When used with a binary file, GET retrieves enough data from the file to fill Var. The Var parameter can be a simple (scalar) variable like an Integer or a dynamic (variable-length) string, an element in an array, or a variable of User-Defined Type.

    When GET is used to read a binary file into a dynamic string, the number of bytes to read is defined by the current size of the dynamic string variable. If the variable length is greater than the file record length, the remainder of the string variable is filled with nuls (CHR$(0) or $NUL). This offers greater compatibility with the actual operation of other versions of BASIC, such as PowerBASIC for DOS.

    When reading an array from the disk file, GET assigns data from the file into each element in the array, starting at the arrays LBOUND subscript. GET attempts to read the number of elements specified by rcds in the RECORDS option, or the number of elements in the array, whichever is smaller. The actual number of elements read is assigned to the variable count specified in the optional TO clause.

    With a dynamic string array, it is assumed the file was written in the PowerBASIC and/or VB packed string format using PUT of an entire string array. If a string is shorter than 65535 bytes, a 2-byte length WORD is followed by the string data. Otherwise, a 2-byte value of 65535 is followed by a length Double-word (DWORD), then finally the string data.

    With other array arrays types, the entire data area is read as a single block. In either case, it is presumed the file was created with the complementary PUT Array statement.

    EOF is set just as with other GET statements.

    You can use the FILESCAN statement to determine the number of records contained in the file, allowing an array of the appropriate type to be dimensioned before using the GET statement to read the file.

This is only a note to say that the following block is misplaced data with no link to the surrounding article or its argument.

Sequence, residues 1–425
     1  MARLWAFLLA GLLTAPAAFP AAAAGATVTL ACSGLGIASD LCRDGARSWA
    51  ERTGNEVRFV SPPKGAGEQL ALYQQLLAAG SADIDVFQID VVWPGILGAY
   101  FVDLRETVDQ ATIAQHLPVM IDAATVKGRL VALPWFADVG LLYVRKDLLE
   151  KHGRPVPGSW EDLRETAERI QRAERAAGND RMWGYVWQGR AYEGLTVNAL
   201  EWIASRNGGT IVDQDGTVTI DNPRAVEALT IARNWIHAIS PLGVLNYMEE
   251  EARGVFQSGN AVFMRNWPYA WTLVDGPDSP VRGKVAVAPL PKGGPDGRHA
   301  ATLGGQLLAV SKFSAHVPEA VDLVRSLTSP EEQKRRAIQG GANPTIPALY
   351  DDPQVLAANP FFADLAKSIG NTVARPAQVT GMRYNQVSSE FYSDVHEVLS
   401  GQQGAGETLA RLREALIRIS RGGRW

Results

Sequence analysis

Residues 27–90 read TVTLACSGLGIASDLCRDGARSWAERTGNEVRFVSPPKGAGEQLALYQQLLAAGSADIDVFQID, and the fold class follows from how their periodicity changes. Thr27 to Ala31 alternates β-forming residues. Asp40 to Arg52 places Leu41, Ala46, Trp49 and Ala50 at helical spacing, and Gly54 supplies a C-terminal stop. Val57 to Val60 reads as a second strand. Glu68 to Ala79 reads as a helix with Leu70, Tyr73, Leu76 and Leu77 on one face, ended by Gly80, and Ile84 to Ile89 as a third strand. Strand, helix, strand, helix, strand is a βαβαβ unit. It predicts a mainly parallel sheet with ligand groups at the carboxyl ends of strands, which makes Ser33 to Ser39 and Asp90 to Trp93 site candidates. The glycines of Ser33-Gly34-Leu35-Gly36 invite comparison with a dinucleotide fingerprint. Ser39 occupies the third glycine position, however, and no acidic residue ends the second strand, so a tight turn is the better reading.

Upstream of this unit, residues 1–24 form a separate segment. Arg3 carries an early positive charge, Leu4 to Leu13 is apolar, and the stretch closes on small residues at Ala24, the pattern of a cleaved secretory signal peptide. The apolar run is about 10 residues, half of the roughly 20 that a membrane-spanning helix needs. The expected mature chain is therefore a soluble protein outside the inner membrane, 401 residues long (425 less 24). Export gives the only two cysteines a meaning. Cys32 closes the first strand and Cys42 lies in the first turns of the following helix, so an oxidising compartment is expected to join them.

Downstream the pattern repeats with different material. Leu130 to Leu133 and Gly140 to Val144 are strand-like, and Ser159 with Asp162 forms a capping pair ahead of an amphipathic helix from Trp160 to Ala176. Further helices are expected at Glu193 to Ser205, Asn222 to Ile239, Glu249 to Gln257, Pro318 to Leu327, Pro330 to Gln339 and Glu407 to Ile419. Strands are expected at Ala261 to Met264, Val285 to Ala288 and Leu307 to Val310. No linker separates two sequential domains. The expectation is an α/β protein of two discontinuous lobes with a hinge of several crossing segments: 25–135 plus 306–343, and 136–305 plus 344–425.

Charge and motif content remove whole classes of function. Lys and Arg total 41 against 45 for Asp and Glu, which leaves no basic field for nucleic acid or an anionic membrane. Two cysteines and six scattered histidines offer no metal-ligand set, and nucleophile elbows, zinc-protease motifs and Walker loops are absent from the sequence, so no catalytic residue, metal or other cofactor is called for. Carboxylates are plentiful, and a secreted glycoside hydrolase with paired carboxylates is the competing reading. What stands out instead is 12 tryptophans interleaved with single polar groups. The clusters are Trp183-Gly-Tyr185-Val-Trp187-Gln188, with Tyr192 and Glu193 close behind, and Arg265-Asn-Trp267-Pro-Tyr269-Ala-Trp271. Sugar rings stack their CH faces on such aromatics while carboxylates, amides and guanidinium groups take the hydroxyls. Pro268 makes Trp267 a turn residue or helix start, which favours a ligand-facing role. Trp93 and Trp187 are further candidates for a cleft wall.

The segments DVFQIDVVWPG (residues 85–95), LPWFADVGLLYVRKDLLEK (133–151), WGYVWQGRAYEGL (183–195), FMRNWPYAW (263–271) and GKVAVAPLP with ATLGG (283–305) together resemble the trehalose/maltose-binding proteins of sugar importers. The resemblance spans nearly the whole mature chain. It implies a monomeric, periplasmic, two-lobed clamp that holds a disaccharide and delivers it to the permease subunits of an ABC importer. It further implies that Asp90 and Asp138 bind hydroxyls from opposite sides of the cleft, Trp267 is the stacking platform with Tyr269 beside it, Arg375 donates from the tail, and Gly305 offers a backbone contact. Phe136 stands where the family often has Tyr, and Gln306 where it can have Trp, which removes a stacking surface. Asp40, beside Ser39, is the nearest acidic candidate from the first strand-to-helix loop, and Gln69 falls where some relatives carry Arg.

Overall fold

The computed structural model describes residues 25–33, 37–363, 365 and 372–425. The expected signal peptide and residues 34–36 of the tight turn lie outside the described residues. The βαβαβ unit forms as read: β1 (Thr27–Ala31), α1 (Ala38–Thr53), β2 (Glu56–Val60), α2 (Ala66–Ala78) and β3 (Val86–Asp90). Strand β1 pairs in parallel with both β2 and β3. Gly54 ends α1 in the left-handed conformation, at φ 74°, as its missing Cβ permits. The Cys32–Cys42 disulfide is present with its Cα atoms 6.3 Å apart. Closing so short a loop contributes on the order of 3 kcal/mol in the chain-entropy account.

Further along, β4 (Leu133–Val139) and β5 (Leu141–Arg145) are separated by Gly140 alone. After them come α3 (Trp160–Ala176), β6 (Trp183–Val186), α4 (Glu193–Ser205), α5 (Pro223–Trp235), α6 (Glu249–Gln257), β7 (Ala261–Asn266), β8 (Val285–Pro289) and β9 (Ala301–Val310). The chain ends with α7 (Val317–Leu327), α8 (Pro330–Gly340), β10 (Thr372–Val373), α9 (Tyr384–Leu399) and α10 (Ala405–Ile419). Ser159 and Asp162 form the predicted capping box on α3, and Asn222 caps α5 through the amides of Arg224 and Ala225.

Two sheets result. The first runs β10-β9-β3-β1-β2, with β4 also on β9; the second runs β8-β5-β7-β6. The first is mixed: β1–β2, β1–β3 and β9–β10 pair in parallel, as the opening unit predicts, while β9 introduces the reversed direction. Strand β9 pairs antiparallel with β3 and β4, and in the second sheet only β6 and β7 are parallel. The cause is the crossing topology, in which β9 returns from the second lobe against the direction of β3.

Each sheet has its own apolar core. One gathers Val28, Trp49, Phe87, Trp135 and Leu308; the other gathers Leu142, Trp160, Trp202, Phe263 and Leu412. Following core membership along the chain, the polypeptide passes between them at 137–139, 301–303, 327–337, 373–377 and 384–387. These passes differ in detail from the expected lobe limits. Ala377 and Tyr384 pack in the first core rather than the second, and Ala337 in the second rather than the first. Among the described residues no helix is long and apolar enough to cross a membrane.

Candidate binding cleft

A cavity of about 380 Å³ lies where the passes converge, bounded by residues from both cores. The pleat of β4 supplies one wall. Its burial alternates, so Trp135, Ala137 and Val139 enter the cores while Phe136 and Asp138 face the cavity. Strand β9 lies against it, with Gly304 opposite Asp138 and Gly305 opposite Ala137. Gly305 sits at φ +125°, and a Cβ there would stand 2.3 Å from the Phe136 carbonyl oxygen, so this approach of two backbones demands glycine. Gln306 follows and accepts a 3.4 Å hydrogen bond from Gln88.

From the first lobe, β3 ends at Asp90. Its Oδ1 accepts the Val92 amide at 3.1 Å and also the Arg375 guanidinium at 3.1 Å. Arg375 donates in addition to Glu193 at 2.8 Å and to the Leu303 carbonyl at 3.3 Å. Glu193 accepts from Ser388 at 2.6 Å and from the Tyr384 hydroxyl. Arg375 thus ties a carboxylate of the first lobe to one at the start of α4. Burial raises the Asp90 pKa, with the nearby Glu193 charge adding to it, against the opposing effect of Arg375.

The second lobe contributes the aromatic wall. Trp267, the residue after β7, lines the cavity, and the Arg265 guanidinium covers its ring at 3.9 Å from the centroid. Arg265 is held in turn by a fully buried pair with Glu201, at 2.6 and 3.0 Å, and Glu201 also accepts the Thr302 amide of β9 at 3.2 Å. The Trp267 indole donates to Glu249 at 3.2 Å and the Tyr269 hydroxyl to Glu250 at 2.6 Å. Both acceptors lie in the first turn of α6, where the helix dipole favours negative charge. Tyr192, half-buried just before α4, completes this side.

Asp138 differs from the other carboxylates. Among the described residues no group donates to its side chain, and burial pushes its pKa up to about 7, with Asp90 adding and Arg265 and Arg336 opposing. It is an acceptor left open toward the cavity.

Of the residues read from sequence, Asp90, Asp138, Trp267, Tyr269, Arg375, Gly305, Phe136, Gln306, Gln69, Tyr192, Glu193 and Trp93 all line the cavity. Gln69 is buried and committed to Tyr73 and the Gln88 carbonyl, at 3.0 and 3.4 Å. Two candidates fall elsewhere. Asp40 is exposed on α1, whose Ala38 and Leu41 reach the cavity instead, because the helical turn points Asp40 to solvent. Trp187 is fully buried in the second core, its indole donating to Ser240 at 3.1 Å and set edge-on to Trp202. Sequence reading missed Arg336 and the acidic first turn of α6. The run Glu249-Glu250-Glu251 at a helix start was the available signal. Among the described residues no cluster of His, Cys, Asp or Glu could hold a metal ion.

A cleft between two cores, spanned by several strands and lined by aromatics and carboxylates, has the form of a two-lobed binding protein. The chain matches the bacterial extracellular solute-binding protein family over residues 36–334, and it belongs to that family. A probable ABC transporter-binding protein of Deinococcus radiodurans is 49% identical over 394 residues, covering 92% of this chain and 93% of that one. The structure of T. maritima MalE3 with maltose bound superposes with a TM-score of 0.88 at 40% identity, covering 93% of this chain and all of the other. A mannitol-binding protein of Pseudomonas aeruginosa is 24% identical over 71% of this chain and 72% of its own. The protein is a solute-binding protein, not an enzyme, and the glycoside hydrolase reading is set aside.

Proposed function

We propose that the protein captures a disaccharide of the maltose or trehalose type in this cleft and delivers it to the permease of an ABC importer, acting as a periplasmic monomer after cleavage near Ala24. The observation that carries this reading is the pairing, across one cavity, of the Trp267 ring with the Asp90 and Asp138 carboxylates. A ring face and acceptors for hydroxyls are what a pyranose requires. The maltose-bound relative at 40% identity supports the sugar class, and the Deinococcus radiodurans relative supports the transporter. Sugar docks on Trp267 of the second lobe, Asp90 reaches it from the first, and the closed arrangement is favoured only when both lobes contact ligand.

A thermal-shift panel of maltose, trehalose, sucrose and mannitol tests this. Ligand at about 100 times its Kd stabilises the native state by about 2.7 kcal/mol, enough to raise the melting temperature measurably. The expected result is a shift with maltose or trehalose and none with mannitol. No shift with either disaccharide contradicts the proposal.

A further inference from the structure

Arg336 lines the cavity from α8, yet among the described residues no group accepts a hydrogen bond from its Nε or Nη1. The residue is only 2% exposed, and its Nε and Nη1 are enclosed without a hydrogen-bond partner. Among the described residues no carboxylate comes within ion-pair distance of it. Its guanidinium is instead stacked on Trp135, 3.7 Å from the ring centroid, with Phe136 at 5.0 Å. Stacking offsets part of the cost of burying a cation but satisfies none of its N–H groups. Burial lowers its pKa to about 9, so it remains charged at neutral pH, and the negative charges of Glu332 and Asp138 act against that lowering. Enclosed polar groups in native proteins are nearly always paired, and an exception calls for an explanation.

See AlsoReferencesExamples
    ' Random-access GET example
    DIM uName AS STRING * 20
    WHILE uName <> SPACE$(20)
      PUT #F,, uName
      uName = GetInput()
    IF SEEK(F) > 0 THEN
      ShowText "The file contains these names:"
      FOR ix = 1 TO SEEK(F)
        GET #F, ix, uName
        ShowText uName + NL
      ShowText "The file is empty"
    END IF
    CLOSE #F
    ' Binary GET Array example
    OPEN "Data file to read.dat" FOR BINARY AS #1
    FILESCAN #1, RECORDS TO count&
    DIM TheData$(1 TO count&)
    GET #1, 1, TheData$() TO y&
    CLOSE #1
    Last edited by Gary Beene; 28 Oct 2014, 09:04 PM.

  • #2
    For RANDOM access, I thought GET obtains the length of VAR from the relevant OPEN statement, but no! It appears that it's the programmer's responsibility to use a VAR of the proper length.
    (So instead of VAR being a dynamic string, it should be STRING * xx )

    So I think the text should mention that the programmer should ensure that the data type and LEN of VAR must match the LEN in the OPEN statement.



    • #3
      See LONG Remark in Help for GET under Random Access Files


      • #4

        Knowing that you would only post something helpful, I've read and re-read the GET Help both here and in the compiler installation.

        It took me about 5 iterations to identify what you were referring to (actually in the remarks about VAR?), but it took about 10 more reads for me to grasp the connection between the OPEN length clause and how GET fills the VAR... Not that I'm dense or anything, it just wasn't saying what I was expecting it to!

        I think I now understand what it says, but I also still see how I missed the connection. I do think it could be explained better.

        This has been a very interesting exercise!